Turner was the Padres' first-round Draft pick last June, the 13th player taken overall, and he was a hit in his pro debut. The shortstop out of North Carolina State hit .323 and stole 23 bases in 27 attempts in 69 games -- the final 46 at full-season Class A Fort Wayne. Then, he went 14-for-35 (.400) in the Arizona Fall League.
Right now, he's still with the Padres -- technically, but not really.
In the 11-player, three-team trade that routed outfielder Wil Myers from Tampa Bay to San Diego on Friday, the Padres sent a player to be named to the Nationals as a final piece to the deal. The P.T.B.N., however, is no secret. He's named Trea Turner.
Turner, however, is caught up in the red tape of the so-called Pete Incaviglia Rule, instituted 29 years ago this fall, which forbids a team from trading a drafted player until one year after he signs his first professional contract.
Supporters of efforts to overturn that rule and allow teams to trade Draft choices feel the Turner situation could be the key to finally winning their battle.
What's the big deal? Turner technically belongs to the Padres, so he will go to Spring Training with the Padres, in Peoria, Ariz., not with the Nationals in Viera, Fla. He will also open the Minor League season with the Padres, and would finally be able to officially join the Nationals on June 13 -- the anniversary of when he signed a contract that provided him an over-slot signing bonus of $2.9 million.
Being careful not to refer to Turner by name, Nationals general manager Mike Rizzo did say he and Padres counterpart A.J. Preller have discussed how to handle Turner until he can become a part of the Nationals. Rizzo indicated there is a list of players the Nationals can consider if Turner is injured.
Blame it on Incaviglia and agent Bucky Woy.
Incaviglia, coming off of a record-setting season at Oklahoma State, was the first-round Draft choice of the Montreal Expos in 1985 -- the eighth player selected overall. He refused to sign unless he was not only given a big league contract, but also allowed to come to the big leagues.
After Incaviglia missed the 1985 season, Woy received permission from then Commissioner Peter Ueberroth to see if he could find a team that would agree to Incaviglia's demand, and work out a trade with the Expos. The Rangers were willing and able.
So on Nov. 2, 1985, the Expos "signed" Incaviglia to a contract that included what at the time was a sizable $150,000 bonus, plus a guaranteed Major League minimum salary of $60,000 for 1986. Moments later, Incaviglia was dealt to the Rangers for shortstop Jimmy Anderson and right-handed pitcher Bob Sebra.
Incaviglia made good on his opportunity. He had such a strong spring with the Rangers in 1986 -- including hitting a line drive that knocked a hole in the fence at the Rangers' spring home in Pompano Beach, Fla. -- that he hit cleanup for the Rangers on Opening Day. He hit 30 home runs that season, the first player in Rangers history to reach that plateau. He hit 20 or more homers in each of his five seasons with Texas. Over the next seven seasons, he spent time with the Tigers, Astros, Phillies, Orioles and Yankees, finishing his career with 206 home runs.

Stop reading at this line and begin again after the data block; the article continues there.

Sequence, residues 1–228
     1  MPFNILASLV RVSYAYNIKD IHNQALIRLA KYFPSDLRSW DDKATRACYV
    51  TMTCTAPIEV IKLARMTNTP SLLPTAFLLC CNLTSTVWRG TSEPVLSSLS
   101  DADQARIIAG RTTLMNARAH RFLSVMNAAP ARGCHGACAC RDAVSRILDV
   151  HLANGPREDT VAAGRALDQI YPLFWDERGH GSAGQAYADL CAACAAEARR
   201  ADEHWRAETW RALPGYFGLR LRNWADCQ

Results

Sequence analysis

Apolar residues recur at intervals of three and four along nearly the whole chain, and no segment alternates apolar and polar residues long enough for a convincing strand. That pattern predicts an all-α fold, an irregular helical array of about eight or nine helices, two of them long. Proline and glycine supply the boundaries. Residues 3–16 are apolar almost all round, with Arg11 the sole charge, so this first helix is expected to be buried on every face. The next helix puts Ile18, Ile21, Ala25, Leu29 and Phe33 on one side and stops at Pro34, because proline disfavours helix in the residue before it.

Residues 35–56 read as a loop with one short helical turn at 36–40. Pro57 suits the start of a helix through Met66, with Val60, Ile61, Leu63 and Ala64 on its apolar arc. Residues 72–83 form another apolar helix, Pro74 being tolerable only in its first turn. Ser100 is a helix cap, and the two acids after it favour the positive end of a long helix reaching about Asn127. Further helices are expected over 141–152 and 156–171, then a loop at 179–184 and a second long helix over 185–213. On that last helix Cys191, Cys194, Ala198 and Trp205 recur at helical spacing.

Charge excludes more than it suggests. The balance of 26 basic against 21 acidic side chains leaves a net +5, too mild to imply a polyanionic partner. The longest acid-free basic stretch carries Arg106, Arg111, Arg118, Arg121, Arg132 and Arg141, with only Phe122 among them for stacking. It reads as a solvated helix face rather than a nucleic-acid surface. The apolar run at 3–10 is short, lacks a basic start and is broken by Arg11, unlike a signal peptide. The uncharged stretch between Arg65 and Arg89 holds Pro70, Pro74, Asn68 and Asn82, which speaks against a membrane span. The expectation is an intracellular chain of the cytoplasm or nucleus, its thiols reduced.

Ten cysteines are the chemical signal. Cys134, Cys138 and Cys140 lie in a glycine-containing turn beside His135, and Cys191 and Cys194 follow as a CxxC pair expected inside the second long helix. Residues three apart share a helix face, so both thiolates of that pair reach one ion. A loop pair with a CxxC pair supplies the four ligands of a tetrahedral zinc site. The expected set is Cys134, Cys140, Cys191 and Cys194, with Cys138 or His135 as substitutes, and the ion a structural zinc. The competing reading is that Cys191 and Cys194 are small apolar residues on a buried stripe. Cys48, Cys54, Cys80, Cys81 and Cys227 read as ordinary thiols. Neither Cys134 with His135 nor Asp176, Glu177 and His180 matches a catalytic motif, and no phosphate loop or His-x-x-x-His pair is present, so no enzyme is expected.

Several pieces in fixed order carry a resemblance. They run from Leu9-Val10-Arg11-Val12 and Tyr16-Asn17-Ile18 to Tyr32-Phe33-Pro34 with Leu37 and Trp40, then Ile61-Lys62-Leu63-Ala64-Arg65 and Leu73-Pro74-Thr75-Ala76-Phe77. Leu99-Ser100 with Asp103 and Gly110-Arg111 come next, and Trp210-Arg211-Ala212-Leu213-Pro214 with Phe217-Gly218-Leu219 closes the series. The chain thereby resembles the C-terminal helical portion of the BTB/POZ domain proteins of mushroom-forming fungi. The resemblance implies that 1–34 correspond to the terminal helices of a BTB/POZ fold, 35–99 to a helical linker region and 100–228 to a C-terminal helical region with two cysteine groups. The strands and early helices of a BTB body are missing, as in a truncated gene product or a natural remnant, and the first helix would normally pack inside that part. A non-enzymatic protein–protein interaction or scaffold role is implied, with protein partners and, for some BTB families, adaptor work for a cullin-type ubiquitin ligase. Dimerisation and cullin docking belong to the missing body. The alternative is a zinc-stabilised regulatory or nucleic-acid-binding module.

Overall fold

Ever since then, teams have sought out ways to skirt the rule -- including in 1997 when the Mets "loaned" right-handed pitcher Andy Zwirchit to the Braves, who assigned him to High-A Durham. It was announced in June of that season that the Braves had "accepted" Zwirchit as the player to be named in the trade that sent Paul Byrd to the Mets for Greg McMichael.
Zwirchit, however, wasn't a prime prospect like Turner, and no attention was paid to what happened. He was a 22nd round Draft choice in 1996. After his one season in the Braves organization, he was released and spent the rest of his career pitching in the independent leagues.
But baseball is filled with tales of how teams skirted rules.
Just ask Gorman Thomas.
After spending the 1975 and '76 seasons in the big leagues with the Brewers, Thomas spent 1977 with the Brewers' Triple-A team at Spokane. Milwaukee also had younger players it wanted to protect in that year's Rule 5 Draft.
The Brewers, however, didn't want to lose Thomas' power potential. To get around exposing him to the Rule 5 Draft, they sent him to the Rangers on Oct. 25, 1977, as the player to be named for an earlier trade of catcher Ed Kirkpatrick from Texas to Milwaukee.
The Rangers had a spot on their 40-man roster, so they could protect Thomas from the Draft. Then, on Feb. 8, 1978, Texas sent Thomas back to the Brewers for "cash considerations."
Thomas would go on to become a key part of the 1982 team that made the only World Series appearance in Brewers franchise history. He hit 175 home runs for the Brewers during the five-year span from 1978-82 -- including pacing the American League in home runs in 1979 (45) and tying for the Major League lead in 1982 (39).
The Nationals can only hope the Trea Turner saga has such a happy ending.